Environment Secretary Roy Cimatu said the strict implementation of the Philippine Clean Water Act is the “key to addressing water quality issues and other environmental problems in the bay.”
Edd Gumban
‘Strict law enforcement needed for Manila Bay cleanup’
Louise Maureen Simeon (The Philippine Star) - January 14, 2019 - 12:00am

MANILA, Philippines — The Department of Environment and Natural Resources (DENR) has vowed to strictly implement the country’s Clean Water Law as it beefed up efforts to restore Manila Bay to its pristine state fit for public recreation.

Environment Secretary Roy Cimatu said the strict implementation of the Philippine Clean Water Act is the “key to addressing water quality issues and other environmental problems in the bay.”

Ocular inspections conducted by the DENR showed that several establishments in Manila discharged their wastewater into Manila Bay.

“Establishments have to put up their own sewage treatment plants. They cannot  discharge wastewater in esteros. We are giving them three months to establish STPs,” Cimatu said.

He said the planned rehabilitation of Manila Bay would be in three phases.

Phase 1 covers cleanup and water quality improvement, Phase 2 for rehabilitation and Phase 3 for protection and sustainability.

The first phase will begin this year, which involves the cleanup of esteros and waterways, reduction of the level of fecal coliform and toxic discharges from establishments as well as provision of temporary sanitation facilities for informal settlers residing along the Manila Bay.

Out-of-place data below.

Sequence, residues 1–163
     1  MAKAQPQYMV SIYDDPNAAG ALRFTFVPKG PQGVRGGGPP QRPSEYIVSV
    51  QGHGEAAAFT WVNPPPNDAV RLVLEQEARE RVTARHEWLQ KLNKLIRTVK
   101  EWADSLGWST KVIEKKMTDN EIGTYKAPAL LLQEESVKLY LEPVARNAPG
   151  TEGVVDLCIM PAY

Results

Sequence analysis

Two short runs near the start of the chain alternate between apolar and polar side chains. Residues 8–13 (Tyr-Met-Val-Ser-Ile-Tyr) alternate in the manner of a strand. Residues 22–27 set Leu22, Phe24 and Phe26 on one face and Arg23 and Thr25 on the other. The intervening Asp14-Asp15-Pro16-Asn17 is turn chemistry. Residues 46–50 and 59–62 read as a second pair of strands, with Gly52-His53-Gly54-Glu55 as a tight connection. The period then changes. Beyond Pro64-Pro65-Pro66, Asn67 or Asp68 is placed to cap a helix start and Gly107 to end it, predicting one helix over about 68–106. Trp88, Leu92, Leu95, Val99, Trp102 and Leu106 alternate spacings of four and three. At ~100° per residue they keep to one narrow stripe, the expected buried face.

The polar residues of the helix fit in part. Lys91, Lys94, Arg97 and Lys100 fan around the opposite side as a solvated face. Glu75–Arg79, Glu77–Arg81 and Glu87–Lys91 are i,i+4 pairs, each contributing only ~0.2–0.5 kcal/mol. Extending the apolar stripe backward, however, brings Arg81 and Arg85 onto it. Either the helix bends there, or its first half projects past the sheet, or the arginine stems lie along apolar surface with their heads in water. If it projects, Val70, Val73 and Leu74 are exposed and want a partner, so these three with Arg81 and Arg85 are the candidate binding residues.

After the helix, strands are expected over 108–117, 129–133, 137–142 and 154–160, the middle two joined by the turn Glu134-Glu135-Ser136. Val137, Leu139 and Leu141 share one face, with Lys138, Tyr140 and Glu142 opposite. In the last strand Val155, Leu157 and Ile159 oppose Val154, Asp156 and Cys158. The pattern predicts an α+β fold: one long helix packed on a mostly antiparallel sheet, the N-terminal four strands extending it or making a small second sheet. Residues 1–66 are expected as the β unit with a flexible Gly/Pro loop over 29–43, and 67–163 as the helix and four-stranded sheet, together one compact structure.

Manila Bay waters are considered the most polluted in the country due to domestic sewage, toxic industrial effluents from factories and shipping operations as well as leachate from garbage dumps.

A report from the DENR-attached agency Environmental Management Bureau showed that the fecal coliform level in the bay reached as high as over 330 million most probable number per 100 milliliters. The safe level is only 100 MPN/100ml.

The DENR targets to reduce coliform level to less than 270 MPN/100ml by December this year.

In 2008, the Supreme Court issued a continuing writ of mandamus ordering 13 government agencies to clean up Manila Bay and restore its water quality to Class SB, which is safe for recreational activities such as swimming.

Class SB waters are also suitable for commercial propagation of shellfish and as spawning areas for milkfish and other similar species.

PAL backs cleanup

Flag carrier Philippine Airlines (PAL) has expressed its support for the government’s move to clean up Manila Bay.

In a statement, PAL said Manila Bay is heavily polluted and an all-out campaign for its sustained cleanup would save it for future generations of Filipinos.

“The rehabilitation of the bay will make Manila more livable and attractive for Manilans and foreign visitors” Jaime Bautista, PAL president and chief operating officer, said.

“As a key promoter of tourist travel to Manila and the largest airline based here, PAL supports the government’s efforts to rehabilitate Manila Bay with the same determination that revived Boracay Island. We will be proud to promote a revitalized Manila Bay, with its iconic sunset, as the symbol of a  capital city that welcomes the world to its shores,” Bautista added. – Richmond Mercurio

MANILA BAY PHILIPPINE CLEAN WATER ACT REHABILITATION
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